This is the 1995 edit of my ongoing obsession with editing explosions to the 1812 Overture.
This is the second edit of what would turn out to be an ongoing, evolving video edit project for me. Over the late ’90s, I did a few versions of this project. I haven’t come across the couple versions that followed, but this original version from 1995 has survived.
Unlike editing in a modern, digital NLE, the process of editing on VHS was quite painful. You would cue up the source movie, which in this case was almost entirely using LaserDisc copies of movies (a format of which I was a huge fan). LaserDisc was an ideal source at the time, not just for reasons of better quality (and proper widescreen presentation), but because it didn’t have any pesky Macrovision copy protections to have to deal with. Anyway, the process involved starting the source video playing and carefully waiting on the VHS desk to start recording. Different VHS decks had different recording start delays. With a bit of practice, you could get pretty accurate on when to start the recording and hit the mark you wanted.
Then, to add the next clip, you would stop the S-VHS tape on the spot you want the next clip to start, get the S-VHS deck on record-pause at that point, start the next source movie playing and release the S-VHS deck where you wanted the next clip to start. You would typically lose a frame or two in the process, so if you screwed up the start of that next clip’s timing, more than once or twice, you would have to go back and re-do the previous clip, hopefully not screwing that one up more than once or twice, or you would have to go back yet another clip, and so on.
Pretty much all of my old VHS edit projects were done on Super VHS. That wasn’t just because of the superior recording quality, but for S-VHS’s typical flying erase heads that would do clean edit points when starting a new recording point over the previous recording. The original S-VHS deck I used was JVC’s (at the time) ridiculously fancy, but ultimately somewhat fragile HR-S8000U model. It had a fancy panel that rotated out and a fancy remote. It did nice recording quality and had tons of features, but eventually died a slow death from parts that didn’t hold up all too well.
I’m not 100% sure, but I think this original 1812 explosions video was edited on that JVC. It was in the mid-90s that I replaced that with a Sony SLV-R1000 model unit. That Sony deck was a true workhorse and is a model that Sony kept making for quite a few years after. It lasted a solid 15 years with TONS of use. I ended up replacing it with another same model unit I got off Craigslist that had a good amount of use on it before I got it. That one lasted me another 5 years before it died. I currently have a couple of tempermental Toshiba and Panasonic decks that were also gotten off Craigslist. Someday, maybe I’ll find another of the Sony SLV-R1000 units for cheap. It’s one of the best-performing and reliable units Sony ever made.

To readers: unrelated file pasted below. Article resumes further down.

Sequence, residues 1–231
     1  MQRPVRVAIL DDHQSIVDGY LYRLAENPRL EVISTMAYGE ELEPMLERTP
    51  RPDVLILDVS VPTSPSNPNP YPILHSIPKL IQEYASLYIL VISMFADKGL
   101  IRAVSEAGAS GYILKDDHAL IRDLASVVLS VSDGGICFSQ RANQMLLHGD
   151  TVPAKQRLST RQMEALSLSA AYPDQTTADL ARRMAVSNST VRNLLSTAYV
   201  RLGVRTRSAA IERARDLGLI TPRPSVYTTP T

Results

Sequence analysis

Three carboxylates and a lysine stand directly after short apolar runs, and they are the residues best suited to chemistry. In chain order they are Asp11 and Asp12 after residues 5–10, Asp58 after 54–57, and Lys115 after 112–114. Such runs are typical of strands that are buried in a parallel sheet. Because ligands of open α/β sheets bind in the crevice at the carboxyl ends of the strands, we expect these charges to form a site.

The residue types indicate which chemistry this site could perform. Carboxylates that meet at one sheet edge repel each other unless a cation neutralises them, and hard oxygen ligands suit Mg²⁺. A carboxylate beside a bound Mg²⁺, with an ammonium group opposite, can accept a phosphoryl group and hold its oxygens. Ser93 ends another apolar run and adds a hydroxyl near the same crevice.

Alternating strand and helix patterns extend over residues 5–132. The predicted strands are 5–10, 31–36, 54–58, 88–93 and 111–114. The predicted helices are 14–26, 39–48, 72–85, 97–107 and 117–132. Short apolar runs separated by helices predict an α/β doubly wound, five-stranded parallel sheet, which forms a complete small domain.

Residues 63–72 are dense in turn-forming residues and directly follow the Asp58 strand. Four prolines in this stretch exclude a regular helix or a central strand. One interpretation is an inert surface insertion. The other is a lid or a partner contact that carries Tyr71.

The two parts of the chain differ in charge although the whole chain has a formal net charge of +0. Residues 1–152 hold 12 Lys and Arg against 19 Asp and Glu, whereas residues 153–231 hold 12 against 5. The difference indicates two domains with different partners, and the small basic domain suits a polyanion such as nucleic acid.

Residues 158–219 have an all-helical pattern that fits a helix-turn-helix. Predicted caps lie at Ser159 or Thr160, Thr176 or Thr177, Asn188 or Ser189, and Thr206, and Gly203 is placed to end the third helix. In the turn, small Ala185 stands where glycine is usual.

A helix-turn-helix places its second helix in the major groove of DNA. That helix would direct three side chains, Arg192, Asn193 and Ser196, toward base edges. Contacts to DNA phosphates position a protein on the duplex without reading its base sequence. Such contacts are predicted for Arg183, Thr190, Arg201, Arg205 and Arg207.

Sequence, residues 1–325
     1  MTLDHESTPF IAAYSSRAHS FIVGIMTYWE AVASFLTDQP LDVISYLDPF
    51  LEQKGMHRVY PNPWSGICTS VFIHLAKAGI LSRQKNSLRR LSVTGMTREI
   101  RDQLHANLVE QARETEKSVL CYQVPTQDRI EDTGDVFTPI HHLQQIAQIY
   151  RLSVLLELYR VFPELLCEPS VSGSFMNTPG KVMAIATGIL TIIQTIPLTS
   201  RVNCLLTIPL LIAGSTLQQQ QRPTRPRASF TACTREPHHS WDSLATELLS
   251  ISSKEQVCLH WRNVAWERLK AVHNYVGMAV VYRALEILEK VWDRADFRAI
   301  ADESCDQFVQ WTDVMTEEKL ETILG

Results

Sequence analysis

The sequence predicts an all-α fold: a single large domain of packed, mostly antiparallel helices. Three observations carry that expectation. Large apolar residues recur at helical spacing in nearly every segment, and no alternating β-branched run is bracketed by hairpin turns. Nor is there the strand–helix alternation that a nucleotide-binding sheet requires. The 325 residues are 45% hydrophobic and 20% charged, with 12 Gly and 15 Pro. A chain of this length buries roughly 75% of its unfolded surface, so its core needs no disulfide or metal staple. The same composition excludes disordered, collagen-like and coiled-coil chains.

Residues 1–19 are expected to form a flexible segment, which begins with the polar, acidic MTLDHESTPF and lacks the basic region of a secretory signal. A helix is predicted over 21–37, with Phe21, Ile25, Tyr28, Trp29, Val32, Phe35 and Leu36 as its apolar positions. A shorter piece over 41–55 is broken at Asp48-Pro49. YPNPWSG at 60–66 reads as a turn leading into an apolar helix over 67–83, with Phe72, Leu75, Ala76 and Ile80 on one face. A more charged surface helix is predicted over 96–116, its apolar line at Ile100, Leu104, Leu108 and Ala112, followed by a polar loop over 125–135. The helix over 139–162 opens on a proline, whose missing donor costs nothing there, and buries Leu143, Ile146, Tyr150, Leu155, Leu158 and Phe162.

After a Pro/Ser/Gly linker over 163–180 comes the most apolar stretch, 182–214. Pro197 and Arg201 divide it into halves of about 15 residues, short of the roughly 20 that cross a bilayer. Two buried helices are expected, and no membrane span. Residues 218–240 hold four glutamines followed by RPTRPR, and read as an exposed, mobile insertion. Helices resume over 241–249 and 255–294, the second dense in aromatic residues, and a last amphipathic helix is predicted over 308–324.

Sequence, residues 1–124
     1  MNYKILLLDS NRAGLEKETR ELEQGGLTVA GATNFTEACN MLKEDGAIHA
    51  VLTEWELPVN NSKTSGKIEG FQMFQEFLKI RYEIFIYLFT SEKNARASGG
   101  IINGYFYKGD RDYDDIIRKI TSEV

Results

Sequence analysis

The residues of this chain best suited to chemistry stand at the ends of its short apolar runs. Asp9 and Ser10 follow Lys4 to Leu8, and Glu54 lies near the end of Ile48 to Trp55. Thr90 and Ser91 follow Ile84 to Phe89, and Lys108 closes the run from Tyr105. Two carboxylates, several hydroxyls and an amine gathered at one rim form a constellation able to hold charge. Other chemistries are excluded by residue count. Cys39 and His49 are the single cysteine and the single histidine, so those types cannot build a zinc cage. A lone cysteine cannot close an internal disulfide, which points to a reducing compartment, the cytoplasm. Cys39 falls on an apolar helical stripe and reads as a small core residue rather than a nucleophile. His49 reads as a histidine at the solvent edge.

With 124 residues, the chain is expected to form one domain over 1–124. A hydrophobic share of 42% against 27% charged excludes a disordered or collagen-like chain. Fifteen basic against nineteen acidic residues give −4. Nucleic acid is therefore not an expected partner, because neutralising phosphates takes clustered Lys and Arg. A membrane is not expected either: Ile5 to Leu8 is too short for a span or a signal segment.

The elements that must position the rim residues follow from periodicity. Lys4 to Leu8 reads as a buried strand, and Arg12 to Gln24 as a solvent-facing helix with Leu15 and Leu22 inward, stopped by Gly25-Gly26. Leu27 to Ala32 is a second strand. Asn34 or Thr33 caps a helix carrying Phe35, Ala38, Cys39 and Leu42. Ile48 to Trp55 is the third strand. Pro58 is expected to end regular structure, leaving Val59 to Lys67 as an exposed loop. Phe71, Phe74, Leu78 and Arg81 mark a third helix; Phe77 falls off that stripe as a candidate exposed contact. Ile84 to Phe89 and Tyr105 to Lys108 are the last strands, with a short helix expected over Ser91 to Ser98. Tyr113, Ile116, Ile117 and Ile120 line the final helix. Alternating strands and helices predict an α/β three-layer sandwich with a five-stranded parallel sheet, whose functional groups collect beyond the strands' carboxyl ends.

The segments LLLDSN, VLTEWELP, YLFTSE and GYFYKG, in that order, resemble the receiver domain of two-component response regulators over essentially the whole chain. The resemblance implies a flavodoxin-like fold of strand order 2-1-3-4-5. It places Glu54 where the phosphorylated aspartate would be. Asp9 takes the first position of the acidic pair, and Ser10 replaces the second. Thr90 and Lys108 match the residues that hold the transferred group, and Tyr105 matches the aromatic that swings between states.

The final trick with doing these edits on VHS was utilizing something that these fancier S-VHS decks could do. They were able to record audio to a primary audio track which was in full hi-fi stereo. But they could also record to a secondary audio track which was in mono. So, what I would do is record the music to the secondary audio track first. Then, I would record clips one at a time using just the primary audio track to record the source movie’s stereo audio. Then, I would play it back on the mono track and pick the exact moment in the music I want the next clip to start. Once all the clips had been laid down, with their original audio on the primary stereo track, I would play that tape back on another S-VHS deck and put it through an audio mixer and manually sync playback of the music (from a CD) to sync up to the compilation tape. Thankfully, I could do as many tries at this step as I wanted, which is a good thing, because it typically took a couple dozen tries to get it right. That’s mainly because the explosion sound clips from the movies were at different levels. So as it played, I was literally moving the level slider for the compilation tape source up and down as the video played. It took a number of tries to memorize the levels for each clip as they were coming up. If you’ve read this far, you’re probably thinking that this sounds like a tedious and crazy process, and you would be right. It’s a process that I definitely do not miss in this modern age of digital editing. 🙂